208 HISTORY OF EAST GRINSTEAD.
Neale himself. His study window commanded a view of Ashdown Forest, and gazing over its wide expanse he saw "scattered farms, lonely groups of two or three houses in an isolated green, 'ellenge' (i.e., solitary) cottages, charcoal-burners' huts, places four or five miles —and then through the worst of lanes—from any church : how are the poor inhabitants to be attended to in this world and prepared for the next ? " This question often forced itself on his notice and in the winter of 1854 two friends offered to engage in any work of mercy he cared to suggest, so it was determined to start a Sisterhood. A few weeks later Miss Gream, daughter of the Rector of Rotherfield, and who afterwards became Sister Ann and the first Mother Superior, offered her services. In the spring of 1855 a circular was issued, stating that it was proposed to establish an institution for supplying the clergy of Central Sussex and South Surrey with nurses trained for attendance on the sick poor, and their services were to be entirely gratuitous. Funds soon came in and one of the future Sisters was sent to Westminster Hospital to get nursing training. A second Sister soon followed, and in July of the same year the operations of the Sisterhood began. Its two first members were for a time resident in Sackville College and attended to the needs of the old people there. They also had a small house at Rotherfield, where one or two resided when not engaged in nursing work. The first Sister who went out on a nursing expedition of mercy left East Grinstead for Shoreham by the very first train which ran out of East Grinstead Station on the day of opening the line, July 9th, 1855.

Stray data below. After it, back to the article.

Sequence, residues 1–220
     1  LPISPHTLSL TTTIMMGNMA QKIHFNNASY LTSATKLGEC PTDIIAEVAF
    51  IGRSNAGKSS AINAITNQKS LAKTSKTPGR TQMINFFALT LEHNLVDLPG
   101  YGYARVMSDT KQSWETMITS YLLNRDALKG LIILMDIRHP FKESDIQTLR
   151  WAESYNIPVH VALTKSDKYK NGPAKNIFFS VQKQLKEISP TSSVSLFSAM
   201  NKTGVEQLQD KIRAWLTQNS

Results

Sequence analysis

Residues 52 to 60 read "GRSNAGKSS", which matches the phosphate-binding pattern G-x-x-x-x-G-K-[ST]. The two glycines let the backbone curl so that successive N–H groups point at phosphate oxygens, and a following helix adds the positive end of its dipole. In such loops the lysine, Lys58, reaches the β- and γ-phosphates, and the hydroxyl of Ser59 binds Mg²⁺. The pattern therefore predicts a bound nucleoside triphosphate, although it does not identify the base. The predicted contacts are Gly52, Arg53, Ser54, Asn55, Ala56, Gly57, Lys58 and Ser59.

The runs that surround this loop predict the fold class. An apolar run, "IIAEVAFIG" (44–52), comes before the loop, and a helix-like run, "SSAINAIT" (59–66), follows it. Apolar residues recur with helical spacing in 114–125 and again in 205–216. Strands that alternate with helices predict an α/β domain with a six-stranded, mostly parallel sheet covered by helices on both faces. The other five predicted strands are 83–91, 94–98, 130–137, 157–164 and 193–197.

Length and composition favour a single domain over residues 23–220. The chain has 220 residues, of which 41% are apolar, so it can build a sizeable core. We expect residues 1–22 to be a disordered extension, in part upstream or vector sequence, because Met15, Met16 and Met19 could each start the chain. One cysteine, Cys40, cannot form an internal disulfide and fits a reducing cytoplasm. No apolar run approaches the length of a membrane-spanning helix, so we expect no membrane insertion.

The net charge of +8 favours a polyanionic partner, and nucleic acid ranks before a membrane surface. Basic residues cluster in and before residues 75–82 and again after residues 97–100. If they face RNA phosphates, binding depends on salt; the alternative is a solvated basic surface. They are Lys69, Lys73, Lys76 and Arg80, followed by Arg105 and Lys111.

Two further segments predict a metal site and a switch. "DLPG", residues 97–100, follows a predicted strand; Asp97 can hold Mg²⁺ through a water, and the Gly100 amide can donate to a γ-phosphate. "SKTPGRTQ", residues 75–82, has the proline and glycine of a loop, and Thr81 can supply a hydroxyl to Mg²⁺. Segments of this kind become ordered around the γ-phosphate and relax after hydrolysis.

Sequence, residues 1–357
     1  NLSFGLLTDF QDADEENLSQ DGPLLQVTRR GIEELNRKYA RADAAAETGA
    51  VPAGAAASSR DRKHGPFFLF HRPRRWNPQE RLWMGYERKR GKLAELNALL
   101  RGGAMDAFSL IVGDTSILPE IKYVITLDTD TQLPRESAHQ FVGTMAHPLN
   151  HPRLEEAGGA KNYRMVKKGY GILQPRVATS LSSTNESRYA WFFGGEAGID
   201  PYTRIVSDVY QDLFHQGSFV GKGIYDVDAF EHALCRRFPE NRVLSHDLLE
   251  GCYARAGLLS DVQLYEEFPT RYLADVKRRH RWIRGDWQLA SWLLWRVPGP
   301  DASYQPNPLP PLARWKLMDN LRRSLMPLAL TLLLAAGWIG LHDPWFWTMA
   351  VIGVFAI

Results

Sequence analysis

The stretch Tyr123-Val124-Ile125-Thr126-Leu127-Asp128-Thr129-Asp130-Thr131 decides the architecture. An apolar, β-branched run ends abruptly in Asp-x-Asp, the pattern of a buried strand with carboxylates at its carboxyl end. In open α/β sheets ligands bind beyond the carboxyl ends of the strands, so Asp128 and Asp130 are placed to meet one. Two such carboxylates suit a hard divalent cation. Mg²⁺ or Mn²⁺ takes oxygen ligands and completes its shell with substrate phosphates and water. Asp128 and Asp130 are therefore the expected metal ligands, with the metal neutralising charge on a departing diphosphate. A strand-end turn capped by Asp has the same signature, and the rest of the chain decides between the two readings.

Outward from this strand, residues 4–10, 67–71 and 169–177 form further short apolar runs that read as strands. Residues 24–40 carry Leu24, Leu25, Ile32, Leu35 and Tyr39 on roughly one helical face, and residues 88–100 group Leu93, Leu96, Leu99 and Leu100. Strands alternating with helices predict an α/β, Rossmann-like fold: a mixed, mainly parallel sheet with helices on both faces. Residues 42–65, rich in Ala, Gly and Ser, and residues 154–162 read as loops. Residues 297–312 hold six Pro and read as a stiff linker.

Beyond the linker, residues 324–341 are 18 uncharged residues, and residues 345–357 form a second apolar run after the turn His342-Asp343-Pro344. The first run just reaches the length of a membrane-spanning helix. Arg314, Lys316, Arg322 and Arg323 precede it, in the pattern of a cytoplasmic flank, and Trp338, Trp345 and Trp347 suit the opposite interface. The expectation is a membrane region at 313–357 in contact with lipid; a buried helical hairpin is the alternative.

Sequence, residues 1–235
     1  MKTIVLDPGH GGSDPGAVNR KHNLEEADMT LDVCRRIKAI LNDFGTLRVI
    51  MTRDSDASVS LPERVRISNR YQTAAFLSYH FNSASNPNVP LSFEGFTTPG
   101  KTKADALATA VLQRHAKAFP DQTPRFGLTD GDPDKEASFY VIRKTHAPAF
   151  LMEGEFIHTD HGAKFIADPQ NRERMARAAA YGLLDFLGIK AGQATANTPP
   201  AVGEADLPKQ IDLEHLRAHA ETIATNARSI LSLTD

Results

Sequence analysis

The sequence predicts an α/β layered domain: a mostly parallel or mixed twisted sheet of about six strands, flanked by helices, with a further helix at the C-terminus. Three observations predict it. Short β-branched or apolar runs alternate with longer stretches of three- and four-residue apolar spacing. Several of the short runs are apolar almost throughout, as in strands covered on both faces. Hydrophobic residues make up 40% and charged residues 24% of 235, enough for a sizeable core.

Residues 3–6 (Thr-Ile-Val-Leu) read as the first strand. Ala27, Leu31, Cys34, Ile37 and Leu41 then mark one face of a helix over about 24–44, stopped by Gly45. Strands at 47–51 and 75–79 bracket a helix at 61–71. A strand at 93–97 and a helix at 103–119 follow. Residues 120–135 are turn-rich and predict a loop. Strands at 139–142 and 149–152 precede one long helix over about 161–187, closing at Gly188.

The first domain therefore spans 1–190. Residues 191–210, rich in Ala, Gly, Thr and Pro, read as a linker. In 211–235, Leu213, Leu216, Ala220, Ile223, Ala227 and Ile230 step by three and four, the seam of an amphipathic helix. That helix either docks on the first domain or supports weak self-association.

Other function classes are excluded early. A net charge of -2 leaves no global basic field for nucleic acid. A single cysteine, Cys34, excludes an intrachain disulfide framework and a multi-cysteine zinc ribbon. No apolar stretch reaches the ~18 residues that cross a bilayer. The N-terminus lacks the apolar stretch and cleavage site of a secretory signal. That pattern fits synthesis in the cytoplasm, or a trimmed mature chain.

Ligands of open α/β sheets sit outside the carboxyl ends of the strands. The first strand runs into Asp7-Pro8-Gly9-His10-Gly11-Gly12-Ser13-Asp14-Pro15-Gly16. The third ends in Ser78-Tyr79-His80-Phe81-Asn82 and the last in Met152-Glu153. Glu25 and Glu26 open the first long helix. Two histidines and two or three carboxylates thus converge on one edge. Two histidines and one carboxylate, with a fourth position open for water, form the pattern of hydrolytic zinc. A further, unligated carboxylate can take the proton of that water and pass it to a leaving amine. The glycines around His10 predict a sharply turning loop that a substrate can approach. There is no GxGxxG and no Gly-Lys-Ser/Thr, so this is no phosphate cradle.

The need of a central home in East Grinstead soon became apparent, so the house now used as offices by Messrs. Pearless & Sons was taken and the Sisters moved into it in June, 1856. Old Mr. Gream died at the same time and his daughter was free to take up her duties as Mother Superior and to devote the remainder of her life to the work of the Sisterhood. Then came the death of Miss Scobell and the riot at her funeral at Lewes, at which Dr. Neale and the Sisters barely escaped